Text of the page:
Here's how it looked shortly after it arrived. According to the seller, the serial number dates this watch back to around May, 1993, so it's already 20 years old now.
I wanted to change the hands because they were exactly the same as what I had on my other Seiko Diver.
This watch houses the 7000 series movement. It was produced cheaply throughout the 80s and 90s and, while it doesn't command the same respect as the previous 6309 Calibre, it is still a work-horse movement. My one loses around two minutes a day, but some slight tinkering could bring that down a little. However, this isn't something that bothers me with this watch. It's a leisure-time watch, so if it's out by a couple of minutes, it's no big deal.
I had decided to make modifications to this watch because I was going for a certain look. The IWC Aquatimer Chronograph had just been released...
...and I liked the colour combo of blue and orange. So, I got onto eBay and snagged these two dials and swapped around the chapter rings...
...with the intention of using the blue dial and the orange ring. While it wasn't the same shade of blue as the IWC, it would do nicely.
Of course, this was not enough. I wanted this watch to have different hands as well, since the ones on it were the same design as my first Seiko diver. I was also wanting to mimic a classic Tudor dive watch design from the Sixties and Seventies, the famous, and highly sought-after Tudor 'Snowflake' Submariner...
Picture courtesy of...actually, I got this picture off the web so long ago that I don't remember where it came from.
The Tudor Prince OysterDate Submariner watch above was French military-issue back in the early 1970s. If you ever see a blue-dialled model with this style of hands, grab it! It ain't cheap, but it's rare.
It was nicknamed the 'Snowflake' due to the little square design on the hour hand.
Okay, the hands arrived, so I took them, the dials and the watch to my watchmaker for the necessary swap-over.
And this was the end-result;
I opted for an orange minute hand, since it was a common practice for watch manufacturers to use orange for the minute hand to help differentiate it from the hour hand for diving purposes. And, once it was done, I put it on this strap, and I consider this to be the biggest mistake that I made;
I got this NATO strap from Fossil. Notice the rectangular hardware instead of oval-shaped rings as found on ZULU straps. It's well made and all, and the colours match the watch nicely, but it just...uh...'Tommy Hilfigers' it up a little too much.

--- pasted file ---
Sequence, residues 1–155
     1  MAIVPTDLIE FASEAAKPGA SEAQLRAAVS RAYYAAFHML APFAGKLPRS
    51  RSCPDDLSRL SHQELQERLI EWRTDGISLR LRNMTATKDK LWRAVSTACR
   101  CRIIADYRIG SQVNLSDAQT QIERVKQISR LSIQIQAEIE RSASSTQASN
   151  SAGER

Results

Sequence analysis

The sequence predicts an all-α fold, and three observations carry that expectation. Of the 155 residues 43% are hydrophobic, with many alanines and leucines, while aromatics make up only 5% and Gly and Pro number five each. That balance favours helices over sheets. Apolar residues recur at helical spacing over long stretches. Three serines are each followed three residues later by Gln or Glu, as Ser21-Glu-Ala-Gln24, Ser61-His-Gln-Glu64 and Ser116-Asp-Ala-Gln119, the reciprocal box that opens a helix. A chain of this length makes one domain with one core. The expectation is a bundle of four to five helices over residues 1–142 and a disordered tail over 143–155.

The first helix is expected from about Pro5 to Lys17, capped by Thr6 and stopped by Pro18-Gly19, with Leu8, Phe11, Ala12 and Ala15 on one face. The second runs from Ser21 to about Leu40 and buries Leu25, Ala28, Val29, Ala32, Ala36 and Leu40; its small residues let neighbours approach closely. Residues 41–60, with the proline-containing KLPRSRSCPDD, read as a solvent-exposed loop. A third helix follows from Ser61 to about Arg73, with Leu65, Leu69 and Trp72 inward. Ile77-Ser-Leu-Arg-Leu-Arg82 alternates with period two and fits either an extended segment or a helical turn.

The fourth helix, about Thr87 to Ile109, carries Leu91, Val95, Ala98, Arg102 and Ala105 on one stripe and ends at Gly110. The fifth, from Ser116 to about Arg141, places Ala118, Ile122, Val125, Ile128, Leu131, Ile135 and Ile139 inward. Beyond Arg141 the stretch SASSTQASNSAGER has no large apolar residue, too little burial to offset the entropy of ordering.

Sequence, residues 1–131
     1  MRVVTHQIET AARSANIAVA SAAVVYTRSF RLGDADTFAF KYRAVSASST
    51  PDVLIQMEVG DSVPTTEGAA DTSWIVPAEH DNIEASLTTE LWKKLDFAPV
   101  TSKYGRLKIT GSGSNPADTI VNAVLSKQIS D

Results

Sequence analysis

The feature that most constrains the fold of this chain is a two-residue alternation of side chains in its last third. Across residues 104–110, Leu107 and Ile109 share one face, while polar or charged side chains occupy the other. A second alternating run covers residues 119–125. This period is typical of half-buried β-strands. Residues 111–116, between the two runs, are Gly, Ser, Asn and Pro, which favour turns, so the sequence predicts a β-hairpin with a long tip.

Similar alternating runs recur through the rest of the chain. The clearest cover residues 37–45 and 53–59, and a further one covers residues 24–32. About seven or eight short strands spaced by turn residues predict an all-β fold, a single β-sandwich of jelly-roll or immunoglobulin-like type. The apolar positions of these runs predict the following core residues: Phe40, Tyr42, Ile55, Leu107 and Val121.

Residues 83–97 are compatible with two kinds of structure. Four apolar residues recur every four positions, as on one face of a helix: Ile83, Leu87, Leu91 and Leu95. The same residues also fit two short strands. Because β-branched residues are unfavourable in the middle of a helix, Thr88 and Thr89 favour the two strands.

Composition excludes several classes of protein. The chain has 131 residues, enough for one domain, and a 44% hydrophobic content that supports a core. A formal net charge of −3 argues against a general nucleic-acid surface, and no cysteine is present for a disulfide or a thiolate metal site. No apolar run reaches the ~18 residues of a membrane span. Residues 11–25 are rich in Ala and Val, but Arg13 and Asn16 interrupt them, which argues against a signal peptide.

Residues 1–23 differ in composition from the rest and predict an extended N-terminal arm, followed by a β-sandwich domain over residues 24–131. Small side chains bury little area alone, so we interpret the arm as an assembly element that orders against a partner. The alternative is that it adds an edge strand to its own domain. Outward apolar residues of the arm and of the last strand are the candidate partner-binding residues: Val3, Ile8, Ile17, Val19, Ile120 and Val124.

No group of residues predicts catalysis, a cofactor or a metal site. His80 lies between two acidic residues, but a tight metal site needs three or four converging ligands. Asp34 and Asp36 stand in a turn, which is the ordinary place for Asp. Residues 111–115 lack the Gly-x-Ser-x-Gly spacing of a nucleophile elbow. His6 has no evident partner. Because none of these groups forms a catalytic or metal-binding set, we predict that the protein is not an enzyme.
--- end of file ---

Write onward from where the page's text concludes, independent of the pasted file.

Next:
Stupidly, I took it back to the watchmaker and had the black dial put back on, leaving the hands in place. What I should have done is remove the strap...and burned it. It's not a huge drama, since I can have the blue dial put back on, especially now that I have since purchased a Seiko steel bracelet for it. It would look quite neat on the bracelet.
Ahh, well, I'll get around to it someday. I spent more on the modification parts than I did on the actual watch.
The Seiko collectors told me that would happen.
Seiko make great watches, without a doubt. Of the Japanese brands, I consider them to be the best, and when this company pulls out all stops, it manufactures a watch that gives many a Swiss brand a run for its money. Their watches can be had for as little as $80 or $90 for a plain dialled quartz watch that will be a dependable timekeeper. A quick search on eBay shows a few Seiko 5 Series automatic models selling for under $70, with many of them under a hundred dollars. They are a great value brand of wristwatch and cheap enough that one could amass a small collection of them without trying too hard or breaking the bank.
I have to hand it to the Seiko brand for its ability to create a wide range of wristwatches in many different styles and price points. This helps ensure that wristwatches remain both affordable and accessible.
Thanks for reading!